Ghostbusters: The Video Game Review - Screenshot 1 of 4

Whilst we were initially concerned, playing as the fifth Ghostbuster gives you a snapshot view of the interaction between the team and turns out to be an inspired design choice.

Ghostbusters: The Video Game has a single-player campaign that takes around seven hours to complete, however online co-op is included to flesh out the experience.

From almost every angle you look at it, Ghostbusters: The Video Game is a perfect extension to the franchise. With a plot contributed by original writers Dan Aykroyd and Harold Ramis, aswell as a majority of the original cast on-board for vocal talent - the story will raise many a smile from fans. It's not just the delivery that's been nailed though; the look is also perfect. From the facial animations, to the behaviour of the proton packs - the game is a real labour of love and it shows.

Ghostbusters: The Video Game Review - Screenshot 2 of 4

Sitting somewhere in between Gears Of War and Dead Space, Ghostbusters: The Video Game provides you with the ability to tether and subsequently capture ghosts. The proton pack is controlled with the R2 trigger, which reduces resistance from the enemy and gives you time to lay a trap and capture it with precise control of the right-stick. There are times in the campaign where you'll find yourself alone, but Ghostbusters is essentially a co-op game where you'll need to work as a team to wrangle demons into their metallic living quarters. The AI is pretty helpful at capturing ghosts, but when it comes to recovering team-mates, frustration at its stupidity will occur.

Unlocking slowly as you progress through the game, there are a range of weaponry upgrades for your proton pack. These range from a slime spewing hose to the more conventional shotgun and machine gun alternatives. They're all fairly fun to use although switching between them with the D-Pad can be a tad cumbersome. Regardless, switching becomes essential as each enemy has specific weaknesses. The game also incorporates some puzzle-like elements that take advantage of the various weaponry. For example, shooting "slime tethers" will allow you to turn cogs  and break open doors.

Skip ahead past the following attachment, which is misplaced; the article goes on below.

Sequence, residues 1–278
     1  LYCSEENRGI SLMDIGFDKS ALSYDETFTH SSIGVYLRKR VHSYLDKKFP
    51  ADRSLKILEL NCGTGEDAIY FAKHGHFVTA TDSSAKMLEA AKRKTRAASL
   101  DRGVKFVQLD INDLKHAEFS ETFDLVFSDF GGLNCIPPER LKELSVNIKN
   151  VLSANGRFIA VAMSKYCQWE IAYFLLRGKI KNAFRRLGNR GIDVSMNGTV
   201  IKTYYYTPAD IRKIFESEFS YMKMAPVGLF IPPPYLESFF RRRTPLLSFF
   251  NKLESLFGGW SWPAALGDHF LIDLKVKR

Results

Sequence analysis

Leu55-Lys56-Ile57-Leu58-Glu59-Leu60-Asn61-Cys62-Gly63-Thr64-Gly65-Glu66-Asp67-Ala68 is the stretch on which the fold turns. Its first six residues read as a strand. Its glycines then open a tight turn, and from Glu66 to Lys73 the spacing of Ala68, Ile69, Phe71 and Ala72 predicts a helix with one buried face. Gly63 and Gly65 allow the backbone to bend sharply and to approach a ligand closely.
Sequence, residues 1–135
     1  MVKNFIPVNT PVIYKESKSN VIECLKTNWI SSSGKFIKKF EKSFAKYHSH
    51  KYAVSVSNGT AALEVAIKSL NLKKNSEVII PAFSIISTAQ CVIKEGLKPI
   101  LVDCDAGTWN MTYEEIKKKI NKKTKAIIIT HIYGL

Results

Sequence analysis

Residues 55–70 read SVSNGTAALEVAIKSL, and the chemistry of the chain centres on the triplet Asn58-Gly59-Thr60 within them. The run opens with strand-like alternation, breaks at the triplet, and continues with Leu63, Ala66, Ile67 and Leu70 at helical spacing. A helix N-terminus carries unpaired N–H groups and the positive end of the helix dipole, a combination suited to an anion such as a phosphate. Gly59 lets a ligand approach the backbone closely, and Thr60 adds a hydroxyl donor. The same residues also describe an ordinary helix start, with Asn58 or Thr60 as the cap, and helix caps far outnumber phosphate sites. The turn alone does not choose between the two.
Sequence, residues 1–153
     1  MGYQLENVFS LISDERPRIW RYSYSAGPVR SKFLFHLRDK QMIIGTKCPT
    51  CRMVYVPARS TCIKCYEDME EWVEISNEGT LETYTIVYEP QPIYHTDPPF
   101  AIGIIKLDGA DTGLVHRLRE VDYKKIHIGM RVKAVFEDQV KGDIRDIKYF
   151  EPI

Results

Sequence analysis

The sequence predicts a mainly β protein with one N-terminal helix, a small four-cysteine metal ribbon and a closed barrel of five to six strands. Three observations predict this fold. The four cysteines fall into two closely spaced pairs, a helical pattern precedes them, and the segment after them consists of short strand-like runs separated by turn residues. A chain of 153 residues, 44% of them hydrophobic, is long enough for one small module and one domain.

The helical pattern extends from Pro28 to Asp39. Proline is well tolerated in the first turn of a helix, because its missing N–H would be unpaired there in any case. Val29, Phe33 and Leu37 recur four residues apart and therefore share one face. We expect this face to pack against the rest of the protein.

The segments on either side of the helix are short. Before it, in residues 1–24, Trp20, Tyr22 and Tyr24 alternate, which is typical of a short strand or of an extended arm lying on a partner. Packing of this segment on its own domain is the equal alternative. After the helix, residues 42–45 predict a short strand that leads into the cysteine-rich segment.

Ghostbusters: The Video Game Review - Screenshot 3 of 4

Ghostbusters: The Video Game feels like a roller-coaster at times. It's totally linear, but the developers use that to their advantage. Filling the world with constant twists, turns and memorable moments makes the universe feel alive. It also helps you to forget some of the game's more tedious moments.

By trying to keep the tempo high, Ghostbusters skips over explanation quite quickly. That means you're thrown into the action with little clue of how to progress. Learning the game's mechanics won't take long, but that initial period of confusion can be a little frustrating - particularly when everything feels so natural once you get the hang of it. Consigning the HUD to the player's proton pack is also bemusing — Dead Space worked because the HUD was rather simple, which isn't the case here.

When you're not sucking up the undead with a menagerie of science fiction goodies, you'll be left exploring the rather linear world. Exploration occurs by using the PKE meter, a simple device that puts you into a first-person perspective and points you in a rough direction. These sections, while true to the fiction, can really break the pace of the game and end up coming off a bit dull. Thankfully, spontaneous and witty dialogue from the game's characters help to break up the monotony.

Ghostbusters: The Video Game Review - Screenshot 4 of 4

Ghostbusters: The Video Game is a tad rough. The graphics aren't the best and there are a number of glitches. Compressed cutscenes, long load times and pretty darn silly AI constantly remind you that you're playing a game - despite the excellent script writing trying to convince you otherwise. We also had a problem with objects (even characters) floating a few feet off the ground  - and no, before you ask, they were not supposed to be floating. Although we guess such a glitch is not exactly detrimental to the game's context.

Ghostbusters: The Video Game has a full online multiplayer component which we'll cover in detail when we've had more time with it.


Ghostbusters: The Video Game may not play quite as well as you'd hope, but if you're a fan of the franchise, you're going to find more than enough to make you smile throughout the game's campaign.